You were the sole vision of my dreams. You were the only occupant of my thoughts. I did not understand how you affected me the way you did. At least that is what I told myself. But the truth was I had never allowed myself to love. Love was fleeting, impermanent. It was impatient and cruel. All of this, life had taught me as I watched comrades surrender their hearts to loves that would later wither and decay into delicate ash blown away by the wind.
You promised to be my rock, my port in the storm, my candle in the night. In the few short days we had with one another, you told me stories of your childhood; how when you played, you were never the delicate damsel in need of saving, but a fierce knight that battled dragons and rescued even the bravest, most battle-hardened men. You even suggested, with a smile, that one day you would most likely have to save me. We laughed together as we talked of your childhood. In those stories from the past, you allowed me to glimpse the woman you had become. You had grown into the role of diplomat, and left your play behind to become the image of courtly grace and beauty. But in matters of state, I knew you would once again become that knight of old. Your people were as close to your heart as any single love could ever be. You appeared to be nothing more than a simple, fragile woman. To study your eyes, however, would be to discover the true fire that raged beneath the facade. You were more than just the proper lady. You were a woman driven by passions that many would never understand let alone know. For me, you were nothing more than what I needed most at that moment in my life.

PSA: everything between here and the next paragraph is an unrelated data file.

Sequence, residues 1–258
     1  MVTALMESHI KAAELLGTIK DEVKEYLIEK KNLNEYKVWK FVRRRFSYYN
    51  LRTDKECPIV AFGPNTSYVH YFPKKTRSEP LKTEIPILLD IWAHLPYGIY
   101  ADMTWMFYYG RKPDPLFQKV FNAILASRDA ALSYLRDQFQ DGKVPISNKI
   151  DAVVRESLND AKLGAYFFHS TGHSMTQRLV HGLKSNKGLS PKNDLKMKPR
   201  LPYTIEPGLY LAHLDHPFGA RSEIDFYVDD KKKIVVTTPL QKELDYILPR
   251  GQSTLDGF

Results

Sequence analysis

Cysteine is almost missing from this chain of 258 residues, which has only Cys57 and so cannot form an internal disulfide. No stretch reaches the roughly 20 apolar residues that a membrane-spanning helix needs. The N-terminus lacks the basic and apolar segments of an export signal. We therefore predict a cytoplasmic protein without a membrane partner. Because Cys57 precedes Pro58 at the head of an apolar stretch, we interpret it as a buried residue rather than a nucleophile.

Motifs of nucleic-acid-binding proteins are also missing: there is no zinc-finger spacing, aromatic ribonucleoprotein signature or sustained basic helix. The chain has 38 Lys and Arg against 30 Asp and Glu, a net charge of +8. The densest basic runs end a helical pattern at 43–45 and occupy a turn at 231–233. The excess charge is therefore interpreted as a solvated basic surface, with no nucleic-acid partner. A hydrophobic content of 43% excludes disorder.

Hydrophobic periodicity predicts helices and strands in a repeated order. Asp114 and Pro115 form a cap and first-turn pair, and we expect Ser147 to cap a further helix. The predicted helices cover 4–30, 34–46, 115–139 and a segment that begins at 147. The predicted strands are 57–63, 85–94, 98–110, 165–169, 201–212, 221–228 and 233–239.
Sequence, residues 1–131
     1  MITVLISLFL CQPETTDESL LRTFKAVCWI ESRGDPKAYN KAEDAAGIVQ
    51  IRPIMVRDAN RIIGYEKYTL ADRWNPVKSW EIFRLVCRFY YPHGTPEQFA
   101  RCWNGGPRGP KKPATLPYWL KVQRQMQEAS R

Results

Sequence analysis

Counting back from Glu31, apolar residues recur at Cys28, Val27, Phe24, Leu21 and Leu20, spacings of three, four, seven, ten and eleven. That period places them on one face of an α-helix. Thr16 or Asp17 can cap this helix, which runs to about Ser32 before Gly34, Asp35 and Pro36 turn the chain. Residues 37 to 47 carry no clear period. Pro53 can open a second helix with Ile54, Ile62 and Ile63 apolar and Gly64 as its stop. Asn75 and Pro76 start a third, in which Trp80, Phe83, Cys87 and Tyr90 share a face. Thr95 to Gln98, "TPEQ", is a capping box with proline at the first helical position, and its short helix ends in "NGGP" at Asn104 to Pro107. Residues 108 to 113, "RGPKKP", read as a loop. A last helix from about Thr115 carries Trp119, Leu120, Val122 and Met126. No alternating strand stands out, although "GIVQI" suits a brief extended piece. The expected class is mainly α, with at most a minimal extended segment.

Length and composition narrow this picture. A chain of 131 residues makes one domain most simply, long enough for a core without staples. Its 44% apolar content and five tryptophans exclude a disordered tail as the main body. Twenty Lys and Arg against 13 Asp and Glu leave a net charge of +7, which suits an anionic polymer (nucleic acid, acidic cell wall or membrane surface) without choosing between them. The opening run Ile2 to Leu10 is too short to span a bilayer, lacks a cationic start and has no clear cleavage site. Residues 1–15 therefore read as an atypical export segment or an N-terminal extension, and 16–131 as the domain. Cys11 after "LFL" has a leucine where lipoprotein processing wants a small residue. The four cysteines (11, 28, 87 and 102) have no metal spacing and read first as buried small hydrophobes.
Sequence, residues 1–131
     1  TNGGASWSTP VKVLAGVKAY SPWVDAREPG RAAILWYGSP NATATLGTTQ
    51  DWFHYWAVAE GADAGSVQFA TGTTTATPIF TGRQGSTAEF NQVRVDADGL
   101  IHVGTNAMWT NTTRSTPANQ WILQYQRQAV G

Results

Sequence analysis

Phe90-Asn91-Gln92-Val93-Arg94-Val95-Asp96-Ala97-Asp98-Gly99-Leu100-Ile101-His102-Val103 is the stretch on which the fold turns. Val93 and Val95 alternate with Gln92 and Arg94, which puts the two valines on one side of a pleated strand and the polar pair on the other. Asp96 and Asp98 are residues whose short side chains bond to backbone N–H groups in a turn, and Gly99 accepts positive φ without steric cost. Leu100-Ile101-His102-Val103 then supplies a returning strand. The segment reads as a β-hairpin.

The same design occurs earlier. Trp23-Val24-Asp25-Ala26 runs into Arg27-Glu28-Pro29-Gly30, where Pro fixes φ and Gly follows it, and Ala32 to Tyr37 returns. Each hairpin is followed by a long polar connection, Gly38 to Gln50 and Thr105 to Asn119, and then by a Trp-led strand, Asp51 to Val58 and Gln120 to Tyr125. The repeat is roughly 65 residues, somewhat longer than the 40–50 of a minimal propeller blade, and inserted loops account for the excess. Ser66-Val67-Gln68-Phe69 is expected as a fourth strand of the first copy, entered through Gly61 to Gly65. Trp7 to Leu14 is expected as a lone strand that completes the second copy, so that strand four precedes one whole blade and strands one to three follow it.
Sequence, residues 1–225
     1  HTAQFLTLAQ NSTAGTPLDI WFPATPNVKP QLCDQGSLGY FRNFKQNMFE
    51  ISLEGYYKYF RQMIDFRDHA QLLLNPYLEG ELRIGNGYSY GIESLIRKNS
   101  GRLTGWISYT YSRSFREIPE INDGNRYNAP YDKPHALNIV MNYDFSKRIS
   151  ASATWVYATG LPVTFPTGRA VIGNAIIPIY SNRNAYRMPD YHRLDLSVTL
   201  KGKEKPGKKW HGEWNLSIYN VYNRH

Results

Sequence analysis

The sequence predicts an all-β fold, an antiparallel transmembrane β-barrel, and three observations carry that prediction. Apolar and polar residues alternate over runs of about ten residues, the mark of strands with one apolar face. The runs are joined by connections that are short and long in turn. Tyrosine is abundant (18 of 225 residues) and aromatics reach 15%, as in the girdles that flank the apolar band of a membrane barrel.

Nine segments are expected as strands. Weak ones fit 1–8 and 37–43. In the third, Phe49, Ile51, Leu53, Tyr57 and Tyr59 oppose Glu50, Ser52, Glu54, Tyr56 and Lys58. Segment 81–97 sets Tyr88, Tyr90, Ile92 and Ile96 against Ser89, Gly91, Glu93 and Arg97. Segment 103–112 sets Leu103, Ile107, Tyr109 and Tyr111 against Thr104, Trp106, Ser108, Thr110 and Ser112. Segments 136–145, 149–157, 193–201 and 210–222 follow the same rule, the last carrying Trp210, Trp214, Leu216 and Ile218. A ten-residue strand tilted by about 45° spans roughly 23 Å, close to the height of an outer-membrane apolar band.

Following the evening of our first dance, our paths did not cross until the next afternoon when I rode through the courtyard on my way out to lead another of your father’s campaigns. I spied you at your window waving down to me and calling my name, the rose I had given you still in your hair.
Waving a red ribbon, you cried, “Come back safe to me.” Then you let the ribbon fly. I watched it float down, twisting and turning upon itself like the emotions that roiled within me. I snatched your ribbon from the air, and still clutch it to this day.
Though icy fingers of honor and duty rent my heart, I triumphantly raised my trophy and offered to you the warmest smile I could muster.
“I will not be long,” I answered and was gone.